Today, let’s talk about the literary aspect of multifaceted Mumbai. Radiating a very special sort of romance, this charming city has long been a bottomless source of inspiration to generations of authors, both Indian and foreign alike. Here are a few literary landmarks in Mumbai that could be of interest to avid readers and literature enthusiasts.
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The Kipling Bungalow
Nestled among the greens of J.J. Institute of Applied Art campus, this cosy bungalow is believed to be a birthplace of world famous writer Rudyard Kipling, mostly known for his collection of short stories “The Jungle Book” and adventure novel “Kim”. Bearing a metal sign with the inscription “Rudyard Kipling, son of Lockwood Kipling, first principal of Sir J. J. School of Art, was born here on 30.12.1865”, this place could be a major attraction for tourists from all over the globe, but the local authorities’ intention of turning the cottage into a Kipling Museum is yet to be implemented. Nevertheless, the bluish-green bungalow does have literary value and is definitely worth visiting if you enjoy the works of Rudyard Kipling – a talented journalist, short story writer, novelist and poet.
Address: Sir J.J. Institute of Applied Art campus, Dr Dadabhai Naoroji Rd, Fort, Mumbai, Maharashtra 400001
David Sassoon Library
Founded in 1847 and named the leader of the Jewish community in Mumbai, David Sassoon library and reading room is one of the oldest libraries in the city. Constructed in Gothic Revival architectural style, which is so typical for this part of South Mumbai, this intricate building in Colaba inevitably catches the eyes of passerby. Visitors are greeted by the marble stone bust of David Sassoon at the entrance. The library houses a rich collection of rare books, and there is a lovely garden to make one’s reading experience an exceedingly pleasant one.
You may also like: 3 Mumbai Museums You Don’t Want to Miss
Address: 152, Mahatma Gandhi Road, Off David Sassoon Library Marg, opposite Jehangir Art Gallery, Kala Ghoda, Fort, Mumbai, Maharashtra 400001
The Royal Alfred Sailors Home
Apart from historical and architectural value, Royal Alfred Sailors Home (now the Mumbai Police Headquarters) also boasts a considerable significance among the literary landmarks in Mumbai. In 1880s, Polish-born English writer Joseph Conrad stayed here before leaving for London on the clipper Nascissus, later immortalized in his first marine novel The Nigger of the ‘Narcissus’.
Asiatic Society of Mumbai Town Hall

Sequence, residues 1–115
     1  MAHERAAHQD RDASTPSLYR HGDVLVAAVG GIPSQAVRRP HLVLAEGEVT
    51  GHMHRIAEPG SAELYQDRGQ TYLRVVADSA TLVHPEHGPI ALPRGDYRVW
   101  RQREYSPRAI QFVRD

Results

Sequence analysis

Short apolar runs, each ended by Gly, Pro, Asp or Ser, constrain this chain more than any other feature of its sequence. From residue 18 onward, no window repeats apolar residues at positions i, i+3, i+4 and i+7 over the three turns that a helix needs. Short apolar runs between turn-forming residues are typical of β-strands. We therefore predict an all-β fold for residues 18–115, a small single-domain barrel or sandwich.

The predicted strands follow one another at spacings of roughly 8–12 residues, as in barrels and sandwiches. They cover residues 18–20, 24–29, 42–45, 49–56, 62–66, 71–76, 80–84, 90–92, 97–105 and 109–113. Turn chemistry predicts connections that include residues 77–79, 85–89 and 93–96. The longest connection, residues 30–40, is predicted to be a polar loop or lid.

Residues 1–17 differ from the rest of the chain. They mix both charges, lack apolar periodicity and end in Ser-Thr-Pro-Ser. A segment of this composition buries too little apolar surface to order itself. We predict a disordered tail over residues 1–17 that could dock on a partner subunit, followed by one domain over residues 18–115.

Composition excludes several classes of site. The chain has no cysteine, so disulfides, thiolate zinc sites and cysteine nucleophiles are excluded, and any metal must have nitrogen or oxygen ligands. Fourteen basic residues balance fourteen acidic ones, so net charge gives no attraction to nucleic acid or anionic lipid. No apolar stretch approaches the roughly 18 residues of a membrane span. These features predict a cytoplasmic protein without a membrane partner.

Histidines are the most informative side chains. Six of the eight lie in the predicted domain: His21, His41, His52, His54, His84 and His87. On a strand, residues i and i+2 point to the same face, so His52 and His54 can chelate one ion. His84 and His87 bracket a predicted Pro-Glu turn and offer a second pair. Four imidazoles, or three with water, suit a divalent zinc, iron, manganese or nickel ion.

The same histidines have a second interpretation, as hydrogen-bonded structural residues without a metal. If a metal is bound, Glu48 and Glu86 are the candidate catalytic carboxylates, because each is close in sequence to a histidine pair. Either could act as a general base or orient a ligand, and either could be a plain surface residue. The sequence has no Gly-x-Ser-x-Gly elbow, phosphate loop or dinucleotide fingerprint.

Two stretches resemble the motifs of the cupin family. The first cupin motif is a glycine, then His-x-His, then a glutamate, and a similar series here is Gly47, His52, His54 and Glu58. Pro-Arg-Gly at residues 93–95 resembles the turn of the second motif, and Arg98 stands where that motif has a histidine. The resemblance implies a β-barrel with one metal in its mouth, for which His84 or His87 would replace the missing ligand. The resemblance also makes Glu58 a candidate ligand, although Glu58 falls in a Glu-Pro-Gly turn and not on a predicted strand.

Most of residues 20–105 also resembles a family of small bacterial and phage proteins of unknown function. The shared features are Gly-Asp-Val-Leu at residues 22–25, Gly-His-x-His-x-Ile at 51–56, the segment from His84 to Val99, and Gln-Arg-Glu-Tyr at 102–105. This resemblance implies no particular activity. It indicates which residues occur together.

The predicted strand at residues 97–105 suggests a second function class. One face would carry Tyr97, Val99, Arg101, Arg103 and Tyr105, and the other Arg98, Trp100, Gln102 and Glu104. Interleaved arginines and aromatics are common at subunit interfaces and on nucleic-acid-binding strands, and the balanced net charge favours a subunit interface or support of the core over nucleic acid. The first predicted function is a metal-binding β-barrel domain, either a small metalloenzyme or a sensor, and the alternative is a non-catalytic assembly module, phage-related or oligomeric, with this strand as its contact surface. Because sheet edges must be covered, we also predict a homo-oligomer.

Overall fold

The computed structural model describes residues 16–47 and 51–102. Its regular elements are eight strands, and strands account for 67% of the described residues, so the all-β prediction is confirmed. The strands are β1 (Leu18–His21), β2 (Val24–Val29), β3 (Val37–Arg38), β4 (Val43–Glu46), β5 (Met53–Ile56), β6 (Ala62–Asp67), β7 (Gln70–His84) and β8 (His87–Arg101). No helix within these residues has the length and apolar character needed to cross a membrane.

Located in the Fort area of South Mumbai, the beautiful Neoclassical building of the Asiatic Society of Mumbai Town Hall houses a number of establishments, including the State Central Library and a museum. The most fascinating thing about this place is that it’s home to one of the only two surviving copies of Dante’s “Divine Comedy” – a precious manuscript dating back to the 14th century. Don’t ask me how it ended up in India, but fact is fact – an invaluable historic and literary relic is kept within the walls of the Asiatic Society of Mumbai Town Hall. Apart from that, the library has over a hundred thousand books and ancient manuscripts, with a great many of them being classified as rare and precious. For more information, check out their website.
The elegant library building is often used as a location for pre-wedding photoshoots. It’s also featured in countless Bollywood movies. Aldous Huxley, the author of the famous dystopian novel “Brave New World”, was not impressed by the peculiar Indo-Saracenic architecture of Mumbai, but the elegant Neoclassical building of Asiatic Society of Mumbai Town Hall didn’t leave him indifferent: “long and low, with its flight of steps, its central pediment, its Doric colonnade, it has an air of calm and quiet decency. Among so many architectural cads and pretentious bounders, it’s almost the only gentleman.”
Address: Town Hall, Shahid Bhagat Singh Road Horniman Circle, near RBI, Fort, Mumbai, Maharashtra 400023
“It was a dirty, smelly, overcrowded place where the floors were slippery with animal ooze and vegetable waste, where the cavernous hall of meat was dark and forbidding, with huge, wicked-looking meat hooks hanging from the ceiling…”
This is how an Indian born Canadian writer Rohinton Mistry described Mumbai’s Crawford market in his novel “Such a Long Journey”. I myself used to find this place rather intimidating, with its noises and bustles being extraordinarily intense even for a busy city like Mumbai. But over the years I’ve developed a strong liking for this market with its special charm of an eastern bazaar where one can buy everything under the sun.
This cafe was mentioned a lot in “Shantaram”, an extremely popular autobiographical novel by Gregory David Roberts. The book depicts a life and adventures of an Australian drug addict and bank robber who escapes from prison and ends up in the slums of Bombay. Apart from Leopold cafe, Roberts mentions a great many other landmarks of Mumbai, including the Flora Fountain, Gateway of India, the Taj Mahal hotel and so on.
Address: Opp Olympia Coffee House, Shahid Bhagat Singh Road, Colaba Causeway, Mumbai, Maharashtra 400001
These are only a few literary landmarks in Mumbai I was fortunate to visit in person. Perhaps I’ll keep adding places to the list as I expand my horizons where Mumbai-inspired novels and short stories are concerned. Unfortunately, I’m not very familiar with Indian authors, so I’m yet to discover the flavour of their narration. But perhaps it would be worthwhile to check these Mumbai-centered books:
Breathless in Bombay by Murzban F. Shroff
Love and Longing in Bombay by Vikram Chandra
The Moor’s Last Sigh by Salman Rushdie
Lost flamingos of Bombay by Siddharth Dhanvant Sanghvi
Maximum City: Bombay Lost and Found by Suketu Mehta
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